Generally it’s a matchup between the latest hero HTC device and hero Samsung Galaxy device for headphone output quality. Right now LG is out ahead of the pack with the newest in DAC technologies from EES Tech (in the ES9218 Quad DAC). Audio quality doesn’t get the same level of attention that display and camera technology do on smartphones, so we’re pleased to see some competition around what’s most pleasing to the ears.
5. Back-facing Camera
As it was with the V10, so it is with the V20 with a truly unique camera setup. Having two cameras – one standard-angle, the other wide-angle – makes all the difference when we’re out hunting oddities to photograph. To show the quality of this camera setup, I’ve gone out to take photos of some offbeat locations and items.
Important to note is the fact that I took a trip to take these photos with a non-professional colleague who will remain nameless. Some of these photos may or may not have been captured on semi-abandoned private property. As such, especially if you’re a member of law enforcement, all credit for the capture of these photos goes entirely to my anonymous colleague.
Above you’ll see an example of a photo captured with the default non-wide-angle lens. Below you’ll see an example of a photo in nearly the same spot captured with the wide-angle lens. Having the ability to capture scenes with such a wide angle comes in mighty handy in tight situations.
Quality in the wide-angle shots is a bit lower than those in the standard-angle – in most cases. Both setups capture photos that are extremely fine and easily compete with the nicest smartphone cameras in the field today. The only less-than-great element we’ve experienced is the fish-eye effect that doesn’t always get corrected perfectly. But it’s better than it was with the V10, and no other smartphone has a wide-angled lens as wide as this.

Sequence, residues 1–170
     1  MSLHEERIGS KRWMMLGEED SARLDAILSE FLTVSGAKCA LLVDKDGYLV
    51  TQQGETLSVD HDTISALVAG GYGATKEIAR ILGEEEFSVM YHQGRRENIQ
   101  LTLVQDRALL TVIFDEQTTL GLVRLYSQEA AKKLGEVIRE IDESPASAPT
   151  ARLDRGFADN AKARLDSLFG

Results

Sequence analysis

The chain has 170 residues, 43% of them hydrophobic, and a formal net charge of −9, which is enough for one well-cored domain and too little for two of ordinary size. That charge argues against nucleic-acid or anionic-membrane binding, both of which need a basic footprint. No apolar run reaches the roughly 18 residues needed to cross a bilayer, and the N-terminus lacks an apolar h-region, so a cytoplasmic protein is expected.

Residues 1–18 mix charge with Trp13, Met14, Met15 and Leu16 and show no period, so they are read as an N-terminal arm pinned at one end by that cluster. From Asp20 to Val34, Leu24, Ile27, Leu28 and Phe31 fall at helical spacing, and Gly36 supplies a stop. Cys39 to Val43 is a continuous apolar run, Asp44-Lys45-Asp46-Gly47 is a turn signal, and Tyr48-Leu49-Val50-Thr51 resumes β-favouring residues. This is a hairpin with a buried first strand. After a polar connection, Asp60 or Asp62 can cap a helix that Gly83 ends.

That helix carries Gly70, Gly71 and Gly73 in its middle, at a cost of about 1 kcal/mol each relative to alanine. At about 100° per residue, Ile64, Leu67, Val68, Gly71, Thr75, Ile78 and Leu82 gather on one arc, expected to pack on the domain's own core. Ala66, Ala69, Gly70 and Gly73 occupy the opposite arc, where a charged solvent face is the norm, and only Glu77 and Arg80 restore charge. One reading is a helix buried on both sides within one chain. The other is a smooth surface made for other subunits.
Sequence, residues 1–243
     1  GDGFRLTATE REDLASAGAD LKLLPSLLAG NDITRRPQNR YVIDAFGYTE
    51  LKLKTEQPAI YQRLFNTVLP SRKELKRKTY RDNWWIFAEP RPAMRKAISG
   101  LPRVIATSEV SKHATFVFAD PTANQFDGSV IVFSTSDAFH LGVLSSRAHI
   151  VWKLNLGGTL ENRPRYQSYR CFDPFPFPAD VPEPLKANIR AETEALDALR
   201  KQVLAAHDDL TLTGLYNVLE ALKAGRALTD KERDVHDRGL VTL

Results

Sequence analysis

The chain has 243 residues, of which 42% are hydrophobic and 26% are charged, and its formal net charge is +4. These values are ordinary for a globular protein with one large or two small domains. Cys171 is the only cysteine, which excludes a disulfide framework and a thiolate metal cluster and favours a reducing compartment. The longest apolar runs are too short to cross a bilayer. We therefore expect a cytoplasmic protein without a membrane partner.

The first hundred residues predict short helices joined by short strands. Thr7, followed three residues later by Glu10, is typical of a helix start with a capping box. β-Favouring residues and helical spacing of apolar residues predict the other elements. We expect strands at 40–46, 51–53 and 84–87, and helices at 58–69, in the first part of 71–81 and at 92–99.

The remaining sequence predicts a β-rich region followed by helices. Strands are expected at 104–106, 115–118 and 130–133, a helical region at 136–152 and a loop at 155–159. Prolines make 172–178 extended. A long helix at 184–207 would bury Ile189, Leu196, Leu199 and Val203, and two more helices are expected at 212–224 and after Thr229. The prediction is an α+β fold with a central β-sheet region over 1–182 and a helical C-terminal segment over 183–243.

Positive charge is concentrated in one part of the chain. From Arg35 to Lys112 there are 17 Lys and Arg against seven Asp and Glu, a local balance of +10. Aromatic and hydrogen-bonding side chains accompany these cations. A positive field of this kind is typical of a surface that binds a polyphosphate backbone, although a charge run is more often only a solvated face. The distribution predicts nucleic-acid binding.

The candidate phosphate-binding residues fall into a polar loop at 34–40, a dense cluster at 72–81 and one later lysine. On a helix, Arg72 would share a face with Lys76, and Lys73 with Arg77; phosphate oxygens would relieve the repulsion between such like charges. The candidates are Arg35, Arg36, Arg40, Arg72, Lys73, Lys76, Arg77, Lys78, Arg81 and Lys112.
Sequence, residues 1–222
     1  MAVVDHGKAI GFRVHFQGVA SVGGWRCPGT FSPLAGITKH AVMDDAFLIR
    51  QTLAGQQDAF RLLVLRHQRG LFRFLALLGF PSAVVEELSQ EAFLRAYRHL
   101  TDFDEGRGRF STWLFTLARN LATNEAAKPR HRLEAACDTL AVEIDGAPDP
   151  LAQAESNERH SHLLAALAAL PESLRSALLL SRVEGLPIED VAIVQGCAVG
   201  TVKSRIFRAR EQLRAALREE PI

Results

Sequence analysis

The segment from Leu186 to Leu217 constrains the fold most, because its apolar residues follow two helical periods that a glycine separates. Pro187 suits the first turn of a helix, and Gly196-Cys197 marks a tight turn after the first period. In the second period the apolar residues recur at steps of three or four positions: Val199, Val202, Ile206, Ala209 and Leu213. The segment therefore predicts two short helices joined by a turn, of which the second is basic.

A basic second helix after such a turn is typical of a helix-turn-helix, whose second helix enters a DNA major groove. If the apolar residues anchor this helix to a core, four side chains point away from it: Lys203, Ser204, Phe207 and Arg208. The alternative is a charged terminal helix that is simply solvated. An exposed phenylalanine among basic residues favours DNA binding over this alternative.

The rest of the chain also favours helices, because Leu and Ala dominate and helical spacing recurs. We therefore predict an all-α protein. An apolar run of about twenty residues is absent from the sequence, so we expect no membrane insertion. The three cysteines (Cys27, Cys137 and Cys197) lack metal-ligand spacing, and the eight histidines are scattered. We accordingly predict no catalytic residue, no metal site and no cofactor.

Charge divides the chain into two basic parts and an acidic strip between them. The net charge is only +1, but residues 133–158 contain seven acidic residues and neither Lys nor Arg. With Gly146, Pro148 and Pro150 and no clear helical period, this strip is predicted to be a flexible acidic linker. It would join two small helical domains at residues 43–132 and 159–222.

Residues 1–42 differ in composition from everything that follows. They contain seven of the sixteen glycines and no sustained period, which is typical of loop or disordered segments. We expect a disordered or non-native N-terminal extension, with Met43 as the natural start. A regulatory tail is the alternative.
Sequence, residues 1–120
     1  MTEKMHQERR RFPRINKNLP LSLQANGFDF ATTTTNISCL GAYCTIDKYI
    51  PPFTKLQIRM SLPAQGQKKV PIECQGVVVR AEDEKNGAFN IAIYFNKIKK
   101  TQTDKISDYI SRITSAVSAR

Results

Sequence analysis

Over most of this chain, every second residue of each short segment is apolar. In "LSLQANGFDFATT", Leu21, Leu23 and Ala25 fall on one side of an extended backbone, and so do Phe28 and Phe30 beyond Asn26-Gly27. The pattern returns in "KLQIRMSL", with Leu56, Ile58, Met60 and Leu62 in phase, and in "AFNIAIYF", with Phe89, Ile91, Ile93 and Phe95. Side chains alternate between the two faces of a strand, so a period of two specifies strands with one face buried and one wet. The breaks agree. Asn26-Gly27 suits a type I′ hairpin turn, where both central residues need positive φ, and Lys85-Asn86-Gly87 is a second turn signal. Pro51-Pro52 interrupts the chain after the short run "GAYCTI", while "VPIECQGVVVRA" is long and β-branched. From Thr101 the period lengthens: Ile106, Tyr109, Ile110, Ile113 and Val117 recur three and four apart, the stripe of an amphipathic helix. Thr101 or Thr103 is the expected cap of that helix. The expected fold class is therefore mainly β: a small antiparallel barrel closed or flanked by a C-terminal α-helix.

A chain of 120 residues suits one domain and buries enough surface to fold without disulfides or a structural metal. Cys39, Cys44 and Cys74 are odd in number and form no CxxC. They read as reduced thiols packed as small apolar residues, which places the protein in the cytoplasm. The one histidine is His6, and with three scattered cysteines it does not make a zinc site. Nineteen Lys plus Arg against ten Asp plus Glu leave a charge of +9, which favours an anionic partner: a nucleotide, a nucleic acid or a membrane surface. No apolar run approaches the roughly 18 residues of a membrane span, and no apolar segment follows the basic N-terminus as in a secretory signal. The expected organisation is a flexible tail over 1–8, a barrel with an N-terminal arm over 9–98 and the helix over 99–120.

Several phones have been released recently with more than one lens attached to their backside. The iPhone 7 Plus has two lenses, one 12MP camera with an f/1.8 wide-angle lens, the other also 12MP with a 56mm f/2.8 lens. The LG V20 has one 16MP camera with an f/1.8 lens and OIS and one 8MP camera with an f/2.4 wide-angle lens.
Apple’s setup aims for zooming without a lost of picture quality, helping you capture things that are far away. LG’s setup instead allows you to see more of the environment you’re in, extending the view of the camera in all directions. If I had to choose between these options, I’d go for LG’s. I can always get closer to my subject, I can’t always get further away.
Some concern has been expressed by several users about the fragility of the back-facing camera’s outer glass cover. We have seen photos of this glass with cracks, but have not yet found the glass to be easily damaged on our review unit. We will continue to investigate and update if necessary.
6. Battery Life
We’ve gotten some mixed results with battery life thus far, and not only with time on stand-by. Stand-by with LTE active and the same apps installed and active has the Google Pixel XL lasting at least twice as long as the LG V20. In everyday use there’s no truly fair way to compare the two, but we’ve not gone more than a full day with the V20 under most circumstances.
The LG V20 does have a replaceable battery, so buying another might be a good idea for people taking long airplane trips overseas. Otherwise charging the device every night while you sleep shouldn’t be an issue for all-day use. Those who make particular use of streaming video – either on-demand services like Netflix and YouTube, or broadcasting with Facebook Live or Periscope – might struggle, however.
The LG V20 is a smartphone made for people who love smartphones and for whom price takes a backseat to flexibility. No, it’s not the most expensive smartphone on the market, but for the cash, you really need to know what you’re getting – and what you’re not. If you never use your smartphone’s camera or listen to audio on headphones, the LG V20 probably isn’t for you. If you do, it very well could be.
If, though, you already live in fear of being out of reach of an outlet, the V20’s higher-than-typical power consumption could be a real problem. You sacrifice water-resistance in return for microSD and a removable battery, so you need to be sure they’re truly priorities. Most importantly, you need to be willing to put in the effort playing with manual camera controls, setting up the secondary touch bar, and generally tweaking the V20 for it to deliver its best.
LG won’t make the biggest splash in smartphones this year, but it has produced one of the best options for power users. With the demise of the Note 7, that’s a segment currently feeling fairly under-served, and though the V20 may not tick every box, it’s a powerful and flexible example of Android delivered in a different way to Google’s vision with the Pixel XL.
The LG V20 is available from Verizon for $28 a month for 24 months or $672 full retail price. It’s also available from T-Mobile for $769.99 USD, from AT&T for $829.99, or unlocked from NewEgg for $800 USD.